The annual Women in Construction (WIC) Week, presented by The National Association of Women in Construction (NAWIC), highlights women as a viable component of the construction industry. Throughout the week of March 7-13, 2021, Madison Area Mechanical and Sheet Metal Contractors Association (MSC) and Madison Association of Plumbing Contractors (MAPC) will be sharing the valuable and essential qualities that women bring to our contractors both in the office and in the field.
As we celebrate Women in Construction Week, recruiting and retaining women on J. F. Ahern Co.’s workforce is a top priority for Kimberly Wachholz, the Human Resources Business Manager for the company. J. F. Ahern Co. works hard on recruitment and they know that women are an asset and bring a unique set of strengths to their organization.
“We start at the high school level by partnering with numerous schools throughout Wisconsin, whether that be through organized platforms like Project Grill, supporting with curriculum development and facilitation, job shadows and tours, class presentations or career fairs to educate all students about the great career opportunities and the benefits of joining the trades,” explained Wachholz. “We have also partnered with local Women in Construction groups to offer lunch and learns or provide support where we can to attract and retain woman in the trades.”
J. F. Ahern Co. knows how crucial women are to the trades and their organization, not only now, but for the next generation as well.
“The construction workforce is evolving in many positive ways, especially as it relates to the increase in the number of women in the industry each year,” said Wachholz. “Women play a crucial role at all levels of our organization. Especially our female leaders that inspire and encourage other woman to advance their careers and eliminate some of the challenges women face in construction.”
Wachholz continued, “Women bring new or alternative perspectives on how to approach challenges in the workplace contributing to problem solving, efficiency, and enhanced team performance.”
Highlighting three of the many women that work at J. F. Ahern Co., Jennifer Essex, Mary Breuer, and Janeen Gerlikovski are leading the way for more women to join the trades and their company.
Essex is a Construction Sales and Project Manager, accountable for acquiring and managing work successfully through a project’s lifecycle. She also develops and maintains strong customer relationships.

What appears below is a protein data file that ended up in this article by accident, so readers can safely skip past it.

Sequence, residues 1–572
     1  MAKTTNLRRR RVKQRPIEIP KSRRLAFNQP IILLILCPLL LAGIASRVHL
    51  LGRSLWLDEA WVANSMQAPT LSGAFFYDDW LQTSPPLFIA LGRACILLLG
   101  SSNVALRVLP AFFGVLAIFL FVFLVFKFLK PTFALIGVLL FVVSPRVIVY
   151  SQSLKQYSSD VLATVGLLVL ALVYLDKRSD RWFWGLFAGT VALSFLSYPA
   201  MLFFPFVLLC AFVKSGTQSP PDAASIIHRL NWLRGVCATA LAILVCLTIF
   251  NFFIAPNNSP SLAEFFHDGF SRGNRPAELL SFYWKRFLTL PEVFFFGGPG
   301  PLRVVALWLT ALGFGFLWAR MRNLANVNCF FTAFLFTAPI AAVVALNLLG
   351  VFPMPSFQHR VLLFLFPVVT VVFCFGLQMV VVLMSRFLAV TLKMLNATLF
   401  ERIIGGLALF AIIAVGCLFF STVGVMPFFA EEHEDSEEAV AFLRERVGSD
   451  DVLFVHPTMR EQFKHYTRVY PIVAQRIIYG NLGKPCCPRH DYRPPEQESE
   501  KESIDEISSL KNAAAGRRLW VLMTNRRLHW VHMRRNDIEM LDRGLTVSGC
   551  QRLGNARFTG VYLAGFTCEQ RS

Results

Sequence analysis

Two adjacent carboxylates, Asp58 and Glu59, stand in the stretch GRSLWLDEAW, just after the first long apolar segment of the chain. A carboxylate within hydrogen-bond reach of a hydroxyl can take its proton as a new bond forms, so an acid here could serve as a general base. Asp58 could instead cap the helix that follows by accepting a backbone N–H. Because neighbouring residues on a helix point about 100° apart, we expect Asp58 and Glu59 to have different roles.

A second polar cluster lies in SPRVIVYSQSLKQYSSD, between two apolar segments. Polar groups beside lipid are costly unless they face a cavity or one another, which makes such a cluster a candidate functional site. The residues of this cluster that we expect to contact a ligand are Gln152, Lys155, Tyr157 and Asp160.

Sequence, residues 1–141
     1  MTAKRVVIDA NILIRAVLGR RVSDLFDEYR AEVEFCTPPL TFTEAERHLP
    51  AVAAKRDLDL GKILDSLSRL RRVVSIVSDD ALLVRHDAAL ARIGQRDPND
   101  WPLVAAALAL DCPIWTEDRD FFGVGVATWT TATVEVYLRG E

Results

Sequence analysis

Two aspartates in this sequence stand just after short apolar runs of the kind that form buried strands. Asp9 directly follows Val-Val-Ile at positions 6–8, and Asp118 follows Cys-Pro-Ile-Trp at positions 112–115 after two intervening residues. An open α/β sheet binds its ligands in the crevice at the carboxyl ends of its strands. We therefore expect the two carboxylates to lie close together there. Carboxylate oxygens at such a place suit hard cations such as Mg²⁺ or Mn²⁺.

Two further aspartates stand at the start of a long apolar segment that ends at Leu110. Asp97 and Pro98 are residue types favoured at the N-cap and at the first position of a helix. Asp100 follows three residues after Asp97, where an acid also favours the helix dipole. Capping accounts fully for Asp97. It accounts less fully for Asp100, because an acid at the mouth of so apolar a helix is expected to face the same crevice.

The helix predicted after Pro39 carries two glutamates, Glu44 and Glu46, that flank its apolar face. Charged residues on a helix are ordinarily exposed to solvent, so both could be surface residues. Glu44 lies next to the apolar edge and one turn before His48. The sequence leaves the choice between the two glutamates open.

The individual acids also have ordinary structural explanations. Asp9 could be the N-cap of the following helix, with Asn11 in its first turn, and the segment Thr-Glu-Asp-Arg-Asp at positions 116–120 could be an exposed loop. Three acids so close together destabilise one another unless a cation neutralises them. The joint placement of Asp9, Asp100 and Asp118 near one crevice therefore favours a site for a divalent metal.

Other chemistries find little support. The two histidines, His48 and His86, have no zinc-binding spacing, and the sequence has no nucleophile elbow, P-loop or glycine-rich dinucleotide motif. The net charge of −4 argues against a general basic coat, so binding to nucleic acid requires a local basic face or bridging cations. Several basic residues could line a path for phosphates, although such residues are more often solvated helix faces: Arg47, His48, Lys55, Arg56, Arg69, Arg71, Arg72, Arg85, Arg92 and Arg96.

Breuer is a Safety Business Partner providing occupational health and safety support to their shops. She utilizes her safety subject matter expertise to work with project teams to ensure safe, compliant, and reliable execution of project work.
As an Assistant Labor Coordinator, Gerlikovski assists with the hire of tradepersons in the plumbing, steamfitting, and sheet metal trades. She works directly with the mechanical unions throughout Wisconsin and frequently requests manpower for projects. She is familiar with the apprenticeship programs, certified welder documentation, union contracts, and many other items related to J. F. Ahern Co.’s field force.
Essex, Breuer, and Gerlikovski are just three of the strong, talented, and highly skilled women that work for J. F. Ahern Co. right now, and many more are in the company’s future.
“As the competition for top talent remains challenging, there is a critical need to expand the number of women interested in construction and support those who have chosen this industry as their career,” said Wachholz. “While our number of employed females is slightly better than the national average, gains have been made as Ahern has more female employees in project management, sales, and leadership roles than ever before. We need to continue to foster this growth and advancement of woman to leadership and executive roles. We would like to see more women apply to our field trades and fabrication shop roles from Apprenticeships to leadership positions. “
J. F. Ahern Co. is a leader in the construction industry and continues to help pave the way for women in construction.
“There are so few women in the trades in general, it is critical that we continue to encourage the trades as a viable career path for women,” said Wachholz.